Notes by Ed Kademan <firstname.lastname@example.org>
The March 2003 meeting of Scheme Boston took place at Northeastern University Monday night March 10, 2003. Approximately 20 people showed up to hear Dorai Sitaram give a talk about his scmxlate system for semiautomatically translating Scheme/Lisp programs from one dialect to another. (In what follows I will use phrases like "Scheme" and "Scheme dialects" for simplicity, but these are meant to include Common Lisp as well.)
The problem that scmxlate addresses arises from the fact that in practice Scheme is more like a family of languages than it is a single one. Dorai had written important programs in Scheme but found that other people had substantial problems with them because the particular versions of the language they used were different enough from his to prevent those programs from running. He remarked that there were four different options a developer could adopt in the face of this problem:
In order to use an scmxlate-enabled package all an end user has to do is start up Scheme in that package's directory, load scmxlate, and then answer a very small number of questions---such as "What is your dialect?" and "What is your operating system?" Scmxlate takes the input files written in the developer's dialect and translates them into output files written in the user's dialect. They are now ready to run.
That translation was able to proceed because of a series of files that the developer added to his package. Two general files list the dialects supported and the source files that need translating. All the other scmxlate files are known as dialect and user configuration files and are specific to the source files. That is, a source file named "apple.scm" might have a corresponding dialect configuration file named "guile-apple" and a user configuration file named "scmxlate-apple.scm." These configuration files give more detailed information on how to transform the source. (Dialect configuration files direct the main work. User configuration files contain defaults for things like global variables that the end user may want to specify and that the developer cannot be expected to know.)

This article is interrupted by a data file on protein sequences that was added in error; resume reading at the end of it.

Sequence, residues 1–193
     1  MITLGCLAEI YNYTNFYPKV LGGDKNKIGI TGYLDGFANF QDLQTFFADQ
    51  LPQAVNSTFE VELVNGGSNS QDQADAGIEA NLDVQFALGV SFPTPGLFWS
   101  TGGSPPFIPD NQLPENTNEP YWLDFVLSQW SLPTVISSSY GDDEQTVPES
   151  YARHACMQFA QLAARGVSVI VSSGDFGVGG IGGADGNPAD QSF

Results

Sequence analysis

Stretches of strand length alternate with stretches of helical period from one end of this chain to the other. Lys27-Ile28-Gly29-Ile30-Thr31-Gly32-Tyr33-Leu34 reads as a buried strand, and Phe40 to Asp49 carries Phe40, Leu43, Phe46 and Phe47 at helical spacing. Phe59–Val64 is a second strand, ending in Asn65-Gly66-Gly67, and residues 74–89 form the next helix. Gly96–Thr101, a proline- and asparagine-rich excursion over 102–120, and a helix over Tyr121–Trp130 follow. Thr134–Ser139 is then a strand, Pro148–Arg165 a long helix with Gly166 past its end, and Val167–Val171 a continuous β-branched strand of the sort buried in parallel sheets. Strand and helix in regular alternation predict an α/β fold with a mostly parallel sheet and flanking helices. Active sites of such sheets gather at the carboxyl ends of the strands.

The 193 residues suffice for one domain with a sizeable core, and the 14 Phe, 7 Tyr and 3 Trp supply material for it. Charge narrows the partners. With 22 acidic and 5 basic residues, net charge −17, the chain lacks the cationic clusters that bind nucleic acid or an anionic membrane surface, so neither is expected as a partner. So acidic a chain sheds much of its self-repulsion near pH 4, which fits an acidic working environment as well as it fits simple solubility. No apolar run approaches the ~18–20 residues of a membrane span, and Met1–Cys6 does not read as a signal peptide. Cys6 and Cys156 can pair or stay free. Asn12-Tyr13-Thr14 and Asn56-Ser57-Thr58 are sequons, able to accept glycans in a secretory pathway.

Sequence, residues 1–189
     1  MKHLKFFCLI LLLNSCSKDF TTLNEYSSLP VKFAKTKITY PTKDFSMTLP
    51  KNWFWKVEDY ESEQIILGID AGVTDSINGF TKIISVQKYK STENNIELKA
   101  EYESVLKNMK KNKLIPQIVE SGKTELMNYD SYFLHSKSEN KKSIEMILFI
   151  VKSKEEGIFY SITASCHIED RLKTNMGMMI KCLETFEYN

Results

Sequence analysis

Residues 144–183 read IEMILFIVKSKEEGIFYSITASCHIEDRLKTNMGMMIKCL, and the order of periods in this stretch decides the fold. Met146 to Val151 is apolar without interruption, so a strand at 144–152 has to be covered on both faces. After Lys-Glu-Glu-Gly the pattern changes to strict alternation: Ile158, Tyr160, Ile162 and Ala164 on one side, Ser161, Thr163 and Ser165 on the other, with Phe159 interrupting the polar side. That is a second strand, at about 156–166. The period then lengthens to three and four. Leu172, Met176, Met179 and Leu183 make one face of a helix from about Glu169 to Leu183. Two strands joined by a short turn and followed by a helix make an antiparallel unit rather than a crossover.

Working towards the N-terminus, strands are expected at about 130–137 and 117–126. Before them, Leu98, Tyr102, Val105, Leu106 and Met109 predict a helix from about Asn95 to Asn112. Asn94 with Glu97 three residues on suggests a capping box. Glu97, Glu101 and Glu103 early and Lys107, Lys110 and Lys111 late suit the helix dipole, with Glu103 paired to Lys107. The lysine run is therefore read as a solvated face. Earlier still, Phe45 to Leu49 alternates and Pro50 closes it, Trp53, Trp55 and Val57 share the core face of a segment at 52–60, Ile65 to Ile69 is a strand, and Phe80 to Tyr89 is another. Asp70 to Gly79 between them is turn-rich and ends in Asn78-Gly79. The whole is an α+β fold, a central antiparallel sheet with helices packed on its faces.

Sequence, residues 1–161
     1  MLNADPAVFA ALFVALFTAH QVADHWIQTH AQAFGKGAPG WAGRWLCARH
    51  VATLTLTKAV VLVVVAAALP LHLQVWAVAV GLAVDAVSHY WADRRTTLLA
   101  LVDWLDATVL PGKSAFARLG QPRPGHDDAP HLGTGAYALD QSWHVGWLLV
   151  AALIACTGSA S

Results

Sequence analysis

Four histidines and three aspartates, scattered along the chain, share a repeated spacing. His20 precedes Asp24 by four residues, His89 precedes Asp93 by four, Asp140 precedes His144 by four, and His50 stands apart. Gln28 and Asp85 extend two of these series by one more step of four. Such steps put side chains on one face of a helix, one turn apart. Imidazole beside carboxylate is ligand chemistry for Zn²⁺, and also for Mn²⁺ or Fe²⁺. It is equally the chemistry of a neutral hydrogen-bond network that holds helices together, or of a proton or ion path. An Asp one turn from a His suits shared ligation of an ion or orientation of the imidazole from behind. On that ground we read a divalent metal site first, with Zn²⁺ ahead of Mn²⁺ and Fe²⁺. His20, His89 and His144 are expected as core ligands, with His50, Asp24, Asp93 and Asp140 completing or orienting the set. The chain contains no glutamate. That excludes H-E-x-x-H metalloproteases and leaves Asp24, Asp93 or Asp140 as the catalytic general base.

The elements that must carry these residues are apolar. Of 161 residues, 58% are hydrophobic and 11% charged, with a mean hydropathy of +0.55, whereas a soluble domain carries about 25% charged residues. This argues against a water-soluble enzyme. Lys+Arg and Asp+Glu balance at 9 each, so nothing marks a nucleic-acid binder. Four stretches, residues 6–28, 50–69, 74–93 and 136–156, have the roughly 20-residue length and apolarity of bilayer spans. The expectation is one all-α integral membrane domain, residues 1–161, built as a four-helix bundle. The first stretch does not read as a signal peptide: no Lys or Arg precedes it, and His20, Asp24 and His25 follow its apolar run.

For the most part the contents of the configuration files get added to the beginning of the corresponding source file. Any user configuration content comes first followed by dialect configuration content. But there exist directives that override this order. These directives accomplish a host of other chores as well such as:
Dorai said that the output the system generates is not necessarily beautiful, especially when translating to Common Lisp, and that it might be awkward to try transforming packages that are written as something other than a series of top level forms. But scmxlate is a practical tool that he has been using extensively. It is available at http://www.ccs.neu.edu/~dorai/scmxlate/scmxlate.html.